Naturalist John Muir was near the epicenter of the 1872 earthquake, and wrote of it in his book Our National Parks.
Aprils edition of the San Francisco Real Estate Circular attempted to put earthquake fears to rest with an editorial which read: San Francisco is in very little more danger of a disastrous earthquake than the Eastern States of being flooded by a overflow of the Atlantic ocean.
A Chronicle representative at Lone Pine sent this report, which detailed some of the Inyo County damage.
The earthquake which occurred at half past 2 oclock on the morning of Tuesday, March 26th, was the greatest convulsion of nature that has taken place in the United States since 1812.
Although it was felt from Oregon to Central America and Mexico, it seems to have spent its force in the Owens river region, distant from this city hundreds of miles, and lying on the opposite side of the Sierra Nevada on the line of the state of Nevada. Independence and other settlements in the the locality suffered from the disastrous effects, but it was the fate of Lone Pine in Inyo County to be marked for destruction as the center of the earths convulsive action.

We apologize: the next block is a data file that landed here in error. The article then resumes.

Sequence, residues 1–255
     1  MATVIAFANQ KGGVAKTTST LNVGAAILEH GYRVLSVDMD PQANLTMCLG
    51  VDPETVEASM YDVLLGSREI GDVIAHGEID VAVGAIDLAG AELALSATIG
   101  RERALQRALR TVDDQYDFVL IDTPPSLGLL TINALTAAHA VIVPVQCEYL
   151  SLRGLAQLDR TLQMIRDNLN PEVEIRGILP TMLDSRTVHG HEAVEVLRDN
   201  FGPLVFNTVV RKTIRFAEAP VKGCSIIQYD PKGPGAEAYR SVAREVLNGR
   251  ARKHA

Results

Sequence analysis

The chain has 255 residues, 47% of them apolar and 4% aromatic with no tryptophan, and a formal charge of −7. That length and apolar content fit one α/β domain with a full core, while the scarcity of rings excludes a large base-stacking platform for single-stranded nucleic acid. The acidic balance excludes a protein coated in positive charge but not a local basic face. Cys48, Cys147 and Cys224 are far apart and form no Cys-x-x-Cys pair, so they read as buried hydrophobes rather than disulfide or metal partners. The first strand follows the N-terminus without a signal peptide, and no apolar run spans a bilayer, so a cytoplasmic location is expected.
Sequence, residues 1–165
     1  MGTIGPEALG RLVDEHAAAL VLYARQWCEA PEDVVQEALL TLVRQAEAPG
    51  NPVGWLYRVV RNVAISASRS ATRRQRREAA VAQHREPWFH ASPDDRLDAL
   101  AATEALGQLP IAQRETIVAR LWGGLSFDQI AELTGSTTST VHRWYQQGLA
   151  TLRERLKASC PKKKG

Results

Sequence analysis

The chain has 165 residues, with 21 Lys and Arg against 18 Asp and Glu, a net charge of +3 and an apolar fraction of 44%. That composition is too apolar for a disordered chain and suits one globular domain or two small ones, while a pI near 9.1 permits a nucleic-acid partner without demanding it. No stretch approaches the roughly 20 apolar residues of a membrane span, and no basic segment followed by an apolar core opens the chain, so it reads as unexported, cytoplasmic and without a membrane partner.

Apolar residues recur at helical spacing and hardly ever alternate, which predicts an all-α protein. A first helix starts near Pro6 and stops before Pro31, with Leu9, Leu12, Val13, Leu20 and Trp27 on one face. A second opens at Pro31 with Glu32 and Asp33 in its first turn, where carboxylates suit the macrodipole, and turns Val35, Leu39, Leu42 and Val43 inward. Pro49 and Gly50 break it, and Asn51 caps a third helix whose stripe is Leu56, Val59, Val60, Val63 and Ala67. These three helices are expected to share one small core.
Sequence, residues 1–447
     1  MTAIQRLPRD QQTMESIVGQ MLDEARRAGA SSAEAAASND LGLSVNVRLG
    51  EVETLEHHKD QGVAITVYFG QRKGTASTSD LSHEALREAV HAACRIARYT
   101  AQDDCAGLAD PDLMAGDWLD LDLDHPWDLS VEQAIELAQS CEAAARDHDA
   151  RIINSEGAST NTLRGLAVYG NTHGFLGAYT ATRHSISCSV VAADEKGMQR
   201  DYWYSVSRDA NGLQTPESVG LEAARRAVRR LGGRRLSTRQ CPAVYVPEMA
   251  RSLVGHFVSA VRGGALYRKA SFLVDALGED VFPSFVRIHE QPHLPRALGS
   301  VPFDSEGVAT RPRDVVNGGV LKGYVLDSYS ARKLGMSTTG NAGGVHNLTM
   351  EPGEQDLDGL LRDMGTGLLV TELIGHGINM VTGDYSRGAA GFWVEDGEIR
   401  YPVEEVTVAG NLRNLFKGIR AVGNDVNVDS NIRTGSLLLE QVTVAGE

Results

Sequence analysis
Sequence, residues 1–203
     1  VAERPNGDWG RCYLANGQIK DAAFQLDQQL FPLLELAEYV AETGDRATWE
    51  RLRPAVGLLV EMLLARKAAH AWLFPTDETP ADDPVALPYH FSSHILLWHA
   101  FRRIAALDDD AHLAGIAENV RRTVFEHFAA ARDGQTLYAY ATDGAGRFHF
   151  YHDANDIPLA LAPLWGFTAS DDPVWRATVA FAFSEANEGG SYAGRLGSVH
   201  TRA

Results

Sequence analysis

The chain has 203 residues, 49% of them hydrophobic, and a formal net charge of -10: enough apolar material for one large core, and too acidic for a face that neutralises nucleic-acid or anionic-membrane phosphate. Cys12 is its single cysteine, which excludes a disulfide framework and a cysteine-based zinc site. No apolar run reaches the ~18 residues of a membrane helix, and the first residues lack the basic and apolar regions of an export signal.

The first great shock laid in ruins all the adobe buildings in the place and
caused the death of 30 persons. During the ensuing week it was computed that more
than a thousand shocks were felt
One of the tragic deaths was that of Antonia Montoya, a misguided young Mexican woman, who on the fearful night shared her couch with a paramour. Of this, our correspondent at Lone Pine writes:
The shock startled them out of their sleepSan Francisco Chronicle
April 21, 1872